Please, copy your final pattern following the points above (including point C) to a new pattern paper. It will help make final alterations for the muslin. Make sure your pattern paper can accomodate the back pattern piece as well.

THE SKIRT FRONT IS DRAFTED!
Congratulations!

Please do leave comments and ask questions even if you haven't started drafting yet. I would love to hear how you are doing. Also, post on our Flickr group with or without pictures, it would be interesting to follow specific cases. 

Wednesday, February 6, 2013

PMPS Sew-Along: Lekala Pattern 4214

Thanks, readers, for referring to this Lekala pattern:


As you see this skirt is very (very) similar to our Burberry inspiration skirt.



While I have never used Lekala patterns before, I must say it looks very promising and, if it is as good as it looks, we can use it in our sew-along. Our drafting plan will remain unchanged though, we will draft the skirt as planned - it is a great exercise in patternmaking.

CUSTOM FIT?

The site claims it is a custom fit.  With 4 (or 5) personalized measurements that you enter at check out, it probably comes closer to the real you than the Big 4. It should work well with a skirt, but I believe that the more complex the garment the less fit you get - it just doesn't take into consideration all the specifics of your figure. What these patterns do, obviously, is accomodate your height, your waist and your hips, but the remaining measurements that are plugged into system are taken from a 'standard' model. So the claim is somewhat high, but it is not that important for a skirt, which doesn't have as many variables as a jacket, for example.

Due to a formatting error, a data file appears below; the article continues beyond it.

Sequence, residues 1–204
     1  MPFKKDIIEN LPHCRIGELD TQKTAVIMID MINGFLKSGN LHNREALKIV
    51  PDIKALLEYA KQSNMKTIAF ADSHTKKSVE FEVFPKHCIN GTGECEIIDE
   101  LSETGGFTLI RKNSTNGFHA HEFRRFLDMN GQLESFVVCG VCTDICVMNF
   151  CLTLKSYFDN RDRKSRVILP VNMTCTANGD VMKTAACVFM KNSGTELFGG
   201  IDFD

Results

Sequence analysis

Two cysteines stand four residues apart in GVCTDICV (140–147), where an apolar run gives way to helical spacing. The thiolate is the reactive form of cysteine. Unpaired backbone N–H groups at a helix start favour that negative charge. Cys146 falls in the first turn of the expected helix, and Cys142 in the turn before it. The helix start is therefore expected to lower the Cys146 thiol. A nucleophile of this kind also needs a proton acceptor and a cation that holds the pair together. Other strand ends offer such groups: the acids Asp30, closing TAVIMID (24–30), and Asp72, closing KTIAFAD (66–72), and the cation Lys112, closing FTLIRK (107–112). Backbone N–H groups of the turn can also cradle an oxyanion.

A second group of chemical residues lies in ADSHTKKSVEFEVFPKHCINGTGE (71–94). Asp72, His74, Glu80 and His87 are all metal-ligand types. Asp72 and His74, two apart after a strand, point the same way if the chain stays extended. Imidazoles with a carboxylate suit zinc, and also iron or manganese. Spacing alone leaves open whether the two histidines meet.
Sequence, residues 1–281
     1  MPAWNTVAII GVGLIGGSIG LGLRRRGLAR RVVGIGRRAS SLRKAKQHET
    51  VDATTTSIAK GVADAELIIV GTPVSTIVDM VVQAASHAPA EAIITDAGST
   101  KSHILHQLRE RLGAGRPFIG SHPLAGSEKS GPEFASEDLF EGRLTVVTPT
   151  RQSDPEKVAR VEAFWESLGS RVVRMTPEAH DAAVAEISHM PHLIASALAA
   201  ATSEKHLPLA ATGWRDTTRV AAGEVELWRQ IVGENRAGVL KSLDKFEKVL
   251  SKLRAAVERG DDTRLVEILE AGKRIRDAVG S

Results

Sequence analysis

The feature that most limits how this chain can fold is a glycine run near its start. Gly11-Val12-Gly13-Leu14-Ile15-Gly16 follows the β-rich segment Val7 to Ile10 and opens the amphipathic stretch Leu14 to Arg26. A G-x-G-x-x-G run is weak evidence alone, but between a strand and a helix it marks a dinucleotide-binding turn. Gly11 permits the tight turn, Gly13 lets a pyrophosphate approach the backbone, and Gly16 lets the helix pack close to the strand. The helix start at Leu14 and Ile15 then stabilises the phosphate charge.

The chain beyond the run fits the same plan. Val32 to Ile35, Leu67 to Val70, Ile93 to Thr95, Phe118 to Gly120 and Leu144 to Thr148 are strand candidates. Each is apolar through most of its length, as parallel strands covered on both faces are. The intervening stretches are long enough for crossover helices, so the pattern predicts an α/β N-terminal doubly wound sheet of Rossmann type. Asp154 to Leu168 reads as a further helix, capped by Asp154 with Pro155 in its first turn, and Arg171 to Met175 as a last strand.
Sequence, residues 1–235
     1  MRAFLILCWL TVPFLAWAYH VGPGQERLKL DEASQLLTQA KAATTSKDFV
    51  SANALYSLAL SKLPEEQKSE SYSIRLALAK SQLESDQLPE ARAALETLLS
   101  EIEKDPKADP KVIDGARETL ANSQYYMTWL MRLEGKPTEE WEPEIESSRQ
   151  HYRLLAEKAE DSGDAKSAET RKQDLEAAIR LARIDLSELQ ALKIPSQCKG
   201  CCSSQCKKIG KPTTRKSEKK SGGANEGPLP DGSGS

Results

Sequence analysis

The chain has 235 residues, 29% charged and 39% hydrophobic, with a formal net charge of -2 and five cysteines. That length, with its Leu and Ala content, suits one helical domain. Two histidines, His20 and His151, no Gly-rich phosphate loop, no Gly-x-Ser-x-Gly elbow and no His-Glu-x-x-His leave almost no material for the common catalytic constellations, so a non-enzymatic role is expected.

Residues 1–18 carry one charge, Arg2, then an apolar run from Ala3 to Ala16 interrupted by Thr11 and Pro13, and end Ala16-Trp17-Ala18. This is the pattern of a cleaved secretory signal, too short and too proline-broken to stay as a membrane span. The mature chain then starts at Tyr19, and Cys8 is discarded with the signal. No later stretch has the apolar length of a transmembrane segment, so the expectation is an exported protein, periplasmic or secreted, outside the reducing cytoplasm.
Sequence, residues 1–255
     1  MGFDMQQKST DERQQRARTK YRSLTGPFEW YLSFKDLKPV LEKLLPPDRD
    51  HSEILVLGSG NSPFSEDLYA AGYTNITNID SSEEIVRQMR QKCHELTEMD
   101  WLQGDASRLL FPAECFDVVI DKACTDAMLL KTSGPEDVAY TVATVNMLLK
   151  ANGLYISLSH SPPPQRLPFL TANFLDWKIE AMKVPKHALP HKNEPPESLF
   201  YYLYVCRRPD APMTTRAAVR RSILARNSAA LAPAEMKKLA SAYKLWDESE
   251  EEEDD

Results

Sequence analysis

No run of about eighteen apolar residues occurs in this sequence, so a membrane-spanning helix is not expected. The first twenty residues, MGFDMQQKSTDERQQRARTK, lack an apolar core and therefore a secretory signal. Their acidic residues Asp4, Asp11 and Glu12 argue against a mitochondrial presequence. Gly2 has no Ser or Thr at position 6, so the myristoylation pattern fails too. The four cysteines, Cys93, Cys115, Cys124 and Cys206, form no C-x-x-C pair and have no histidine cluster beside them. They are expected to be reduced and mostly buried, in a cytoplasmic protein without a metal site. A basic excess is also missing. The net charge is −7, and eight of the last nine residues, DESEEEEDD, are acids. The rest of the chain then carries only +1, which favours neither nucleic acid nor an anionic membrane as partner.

NO RUSSIAN SPAM

I read those comments on sewing forums about spam, dangerous files, etc... Personally, I don't think the site is hijacked by some dangerous hackers targeting international home-sewing community. I bought the pattern using Paypal, downloaded the pattern and instructions, and my inbox is so far free from Russian spam. If you don't hear from me tomorrow, or the blog suddenly disappears - you will know who is behind it. Otherwise, Lekala seems to be a normal (Russia-based, I believe) business that tries to sell personalized computer-generated patterns for a very affordable price.

ORDERING & DOWNLOAD

If you worked with downloadable patterns before, this is no different. One annoying thing, though, is that the page layout is not very economical. My order was for a A4 paper format and I got a 38-page download, with 10 empty pages in between (they do print with a page identifier, though). I will go on and delete those empty pages in Adobe Acrobat, but not everyone knows how to do it.

As for delivery, the PDF containing the pattern was in my inbox in less than an hour. Since I have ordered as a guest, without registering, I had to download the instructions (a separate PDF) from the Lekala site directly. The instructions are very brief, and the translation from Russian is not very good, but you can definitely follow them. It is rather a list of steps, not a detailed description of the process - not very useful for a beginner.


WHAT HAPPENS NEXT

I will try to make a muslin this weekend and report to you next week. If you are very keen to start on it on your own, here is the link. The pattern costs an amazing $2.49, and if you register you will get further 10% off. No advertising, really, just facts.

Have you had any experience using Lekala patterns? Would you use this particular pattern for our sew-along? If not, why?

Tuesday, February 5, 2013

Sew Grateful to...

It's Sew Grateful Week Tuesday and, according to the plan, it is time for a reflection post. Phew, there is really a lot to reflect about, but I will be short and say a few very short words about people who played a particularly big role in my couture adventure.